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World War II newsletter
April 29th 1941

My dear Lads,
As you will see from this letter there has been quite a big "call up" from Tarleton this week. But we are more fortunate than most places owing to the fact that so many of our lads work on the land. Thus in spite of having 120 lads away in the Forces we still have more than another 120 in the Home Guard. This week has been a very poor one for local news and still more poor in letters from your selves. You see, this letter, which does keep you up to date with what is going on in Tarleton and district, absolutely relies upon your letters, and when they don't come it is a very hard job to make the letter interesting. I am, as you know, always ready to pass on to your mates anything that you would like to tell them, and to send your address in confidence. So if you would like to know where anyone is you have only to write to me and get the information required. I do want to keep us all together through this war so that when all return home we do not meet as strangers. I am convinced that under the present circumstances there is no better work for the Church to do than to keep all her sons in close contact with each other and affairs at home. And this is what the N. L. does and we want you to help us do it.
With my love and my Blessing,
Ever your affectionate brother,

Extracts from Letters.
Aircraftsman William Sutton (Blackgate Lane) is having a good time at a South West watering place. Writes "Last Sunday it was Colour hoisting; all the wings on parade, one of the wings having a lot of the Fleet Air Arm lads in it. I can assure you it was a very fine sight." Adds "please remember me to all my old pals in the Home Guard, also to my old pals in the Services." L/Cpl. Nick Dewhurst says that Surrey is a lovely county in the summer, especially for hikers. While waiting for the next batch of Guards recruits he is employed in the Company Office as a Clerk and says he is learning quite a lot, and now knows all the small arms weapons in the British Army. Pte. Henry Latham is in Yorkshire and is going on another course. He would like to be remembered to all his pals, especially his brother Jack and his cousins Dick, Tom and Harry and wishes them "all the best". Says that Jerry is fairly active over his district, but keeps cheerful in spite of it. R.A.S.C. Billy Parkinson is now in London in very comfortable billets with every convenience. He finds it a great improvement on his barrack life. He is on a three month's course at a Motoring School. Says that the hours are very good; starts at 8-15 a.m. and finishes at 5-30 p.m., and on Saturdays at 12-30 p.m., but is too far away to get a week-end leave. William Ball,Royal Navy, from Hesketh Bank, asks to be excused not writing lately but the sea has been rather rough and this makes writing difficult. Says he received six News-letters all at once when he last arrived in port. He is hoping to get a decent leave in a few weeks' time. Says just before writing he was at Church on the upper deck and the Captain conducted the Service. Gdsn. Aubrey Smith sends another very interesting letter: Says the weather in the South is A.1, but that Jerry is very active at night, and last Wednesday's blitz was the worst he has so far experienced.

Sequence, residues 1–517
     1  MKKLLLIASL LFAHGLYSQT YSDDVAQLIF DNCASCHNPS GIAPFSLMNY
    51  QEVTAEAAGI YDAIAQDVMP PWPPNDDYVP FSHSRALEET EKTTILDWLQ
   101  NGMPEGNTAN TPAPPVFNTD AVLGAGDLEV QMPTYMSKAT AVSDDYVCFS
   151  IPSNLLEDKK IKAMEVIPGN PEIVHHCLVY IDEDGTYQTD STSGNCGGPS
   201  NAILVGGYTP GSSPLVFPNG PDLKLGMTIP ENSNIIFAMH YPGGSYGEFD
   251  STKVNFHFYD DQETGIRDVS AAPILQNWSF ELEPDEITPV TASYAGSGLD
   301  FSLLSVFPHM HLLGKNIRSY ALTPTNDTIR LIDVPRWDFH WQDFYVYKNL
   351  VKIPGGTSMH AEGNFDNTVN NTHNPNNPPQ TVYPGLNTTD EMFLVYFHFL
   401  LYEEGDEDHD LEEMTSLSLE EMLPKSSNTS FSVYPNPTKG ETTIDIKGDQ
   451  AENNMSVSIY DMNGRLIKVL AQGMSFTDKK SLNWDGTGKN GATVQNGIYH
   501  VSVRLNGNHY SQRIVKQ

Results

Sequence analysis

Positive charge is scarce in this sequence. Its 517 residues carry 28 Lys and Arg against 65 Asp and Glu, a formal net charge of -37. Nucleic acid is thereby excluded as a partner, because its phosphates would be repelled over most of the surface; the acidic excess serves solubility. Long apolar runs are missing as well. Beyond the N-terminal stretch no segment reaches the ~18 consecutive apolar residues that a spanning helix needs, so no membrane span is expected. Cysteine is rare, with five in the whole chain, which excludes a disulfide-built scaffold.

Rector’s Tour
The Rector hopes to begin his tour at the end of the week. As he can only get a fortnight now he cannot, of course, get to see the hundred and more lads who are scattered over England, but he will do his best and visit as many as possible.. He will also do his best to keep the N.L. going so do not forget to write because no one wants to see the N.L. go west for want of something to put in it. Those lads he cannot visit this time he will do his best to see later on in the summer when he hopes to take another week. He will do the west of England first and will probably finish in London when he hopes to see his father who is in his 91st year.

Local Gossip.